Emergency Disconnect: Putting wireless carriers to the test - KCTV5 News

Emergency Disconnect: Putting wireless carriers to the test

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KCTV5 News is taking a closer look at what happens when you call 911 from a wireless phone. (KCTV5) KCTV5 News is taking a closer look at what happens when you call 911 from a wireless phone. (KCTV5)

KCTV5 News is taking a closer look at what happens when you call 911 from a wireless phone.

We’re doing this because of Shannon Keithley. She called for help when a violent intruder broke into her Kansas City, KS home in the middle of the night.

Police say they couldn’t find her because she called from a cell phone. Keithley was able to escape her attacker and drove off in a panic. She died 90 minutes later in a car crash.

What happened with her call for help has launched a huge on-going investigation at KCTV5.

A computer system operates 911 for the entire region. If you call for help in one of the nine counties, your call goes through the system, and 80 percent of those calls are from cell phones.

KCTV5 tested the four wireless carriers in the area including AT&T, Sprint, T-Mobile and Verizon. Even if you’re not one of their customers, you use their cell towers. Your provider is simply piggybacking.

Hassan Al-Rubaie is the senior tech specialist who helps manage the 911 system. In our controlled experiment, he prompts the computer for more precise information.

AT&T eventually puts that phone in the building. That’s great, but the structure is six floors tall, and 911 can’t find wireless phones by floor. The hope is that will change someday.

When testing Sprint, we kept getting what’s called phase 1 information, and once again that first information is inaccurate. What dispatchers really want is tighter phase 2 information which tries to locate the phone and then gives a range of where it could be.

Up next was T-Mobile. Again, we get another giant map. It was so big it even showed the airport, and that’s 18 miles away.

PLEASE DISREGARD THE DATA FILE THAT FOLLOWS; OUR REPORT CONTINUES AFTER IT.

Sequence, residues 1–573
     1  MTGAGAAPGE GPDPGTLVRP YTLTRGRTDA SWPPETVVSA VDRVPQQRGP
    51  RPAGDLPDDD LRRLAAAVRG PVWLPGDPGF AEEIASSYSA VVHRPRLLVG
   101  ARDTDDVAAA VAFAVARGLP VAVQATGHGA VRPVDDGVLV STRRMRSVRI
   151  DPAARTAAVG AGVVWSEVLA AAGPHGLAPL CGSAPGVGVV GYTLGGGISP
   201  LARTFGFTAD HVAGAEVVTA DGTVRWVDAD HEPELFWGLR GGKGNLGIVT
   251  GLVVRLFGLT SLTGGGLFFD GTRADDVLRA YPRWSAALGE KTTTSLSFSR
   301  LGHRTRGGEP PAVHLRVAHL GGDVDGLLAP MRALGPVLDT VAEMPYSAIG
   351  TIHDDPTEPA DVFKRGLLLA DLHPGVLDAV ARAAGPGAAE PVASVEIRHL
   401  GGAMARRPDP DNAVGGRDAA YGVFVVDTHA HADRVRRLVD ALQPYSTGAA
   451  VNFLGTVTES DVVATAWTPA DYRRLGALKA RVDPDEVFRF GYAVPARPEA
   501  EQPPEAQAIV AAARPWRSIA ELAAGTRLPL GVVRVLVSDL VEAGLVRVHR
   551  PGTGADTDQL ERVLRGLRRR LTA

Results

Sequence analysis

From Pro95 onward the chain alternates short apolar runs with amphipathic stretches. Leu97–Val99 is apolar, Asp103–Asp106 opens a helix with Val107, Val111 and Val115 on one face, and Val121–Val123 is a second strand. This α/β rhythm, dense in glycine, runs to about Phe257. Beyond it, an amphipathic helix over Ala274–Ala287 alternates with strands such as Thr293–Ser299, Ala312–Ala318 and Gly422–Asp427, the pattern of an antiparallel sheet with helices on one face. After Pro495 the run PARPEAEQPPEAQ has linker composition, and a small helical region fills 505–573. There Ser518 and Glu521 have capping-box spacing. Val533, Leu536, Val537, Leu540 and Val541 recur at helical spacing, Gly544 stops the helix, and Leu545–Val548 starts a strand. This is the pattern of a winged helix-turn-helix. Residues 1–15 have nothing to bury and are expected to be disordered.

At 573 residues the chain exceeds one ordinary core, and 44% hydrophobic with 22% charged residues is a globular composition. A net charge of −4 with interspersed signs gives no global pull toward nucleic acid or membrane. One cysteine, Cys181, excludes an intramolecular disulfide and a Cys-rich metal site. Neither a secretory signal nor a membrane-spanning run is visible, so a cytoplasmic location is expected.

After manually asking for more precise information, we were located about three blocks off from our actual location. The margin of error doesn’t include Sixth Street and Broadway which is where we made the call.  

And with wireless calls, dispatchers only see phone numbers. They don’t see the name of the customers or their listed address.

During our emergency call with Verizon, once again, we have a giant zone. And when we tighten it up, the information was wrong.

Verizon said we were at Eighth and Main streets. However, we were outside that zone.

"But this is why when you call 911 and they ask you what's your location because we don’t always know what your location is," Al-Rubaie said.

You may have heard about that new feature where you can text to 911. Make sure you text your address, because a dispatcher only sees coordinates, and then they have to plot it.

The big message from emergency responders is to give your location clearly and do it as one of the first vital pieces of information. But the truth is there are kids who call for help who don’t know addresses and medical emergencies where people can’t speak

And there are cases like Keithly's where victims need help, and, for whatever reason, they can’t say where they’re at.

The FCC says improving accuracy location could save 10,000 lives every year across the United States. 

KCTV5 reached out to all wireless carriers for a response. We have not heard back from T-Mobile. 

Sprint issued the following statement:

We are confident, however, that Sprint’s wireless network complies with FCC regulations and that our subscribers can rely on Sprint for their mobile voice and data needs, including an emergency 9-1-1 call.  Many factors can influence any one wireless call to 9-1-1 for a variety of reasons, but we stand behind our network and its ability to route a 9-1-1 call to the appropriate public safety answering point with available number and location information for the caller.

AT & T issued the following statement:

Public safety is a top priority for AT&T and we are continually looking for ways to improve wireless emergency communications tools for consumers and first responders. AT&T has been actively involved in collaborative efforts between the industry and the public safety community to develop standards for and improve 911 call location accuracy.

CTIA, a wireless industry association, is leading an effort to develop the National Emergency Address Database (NEAD), which is intended to securely provide a dispatchable location to public safety answering points. The FCC has recognized the commitment of AT&T and the other national wireless providers to implement the NEAD.

Verizon referred KCTV5 to their industry spokesperson, CTIA, to issue a statement:

Wireless 9-1-1 location technologies have helped first responders save lives for more than 20 years and the wireless industry, FCC and public safety community are working collaboratively to evaluate new technologies and further enhance accuracy.

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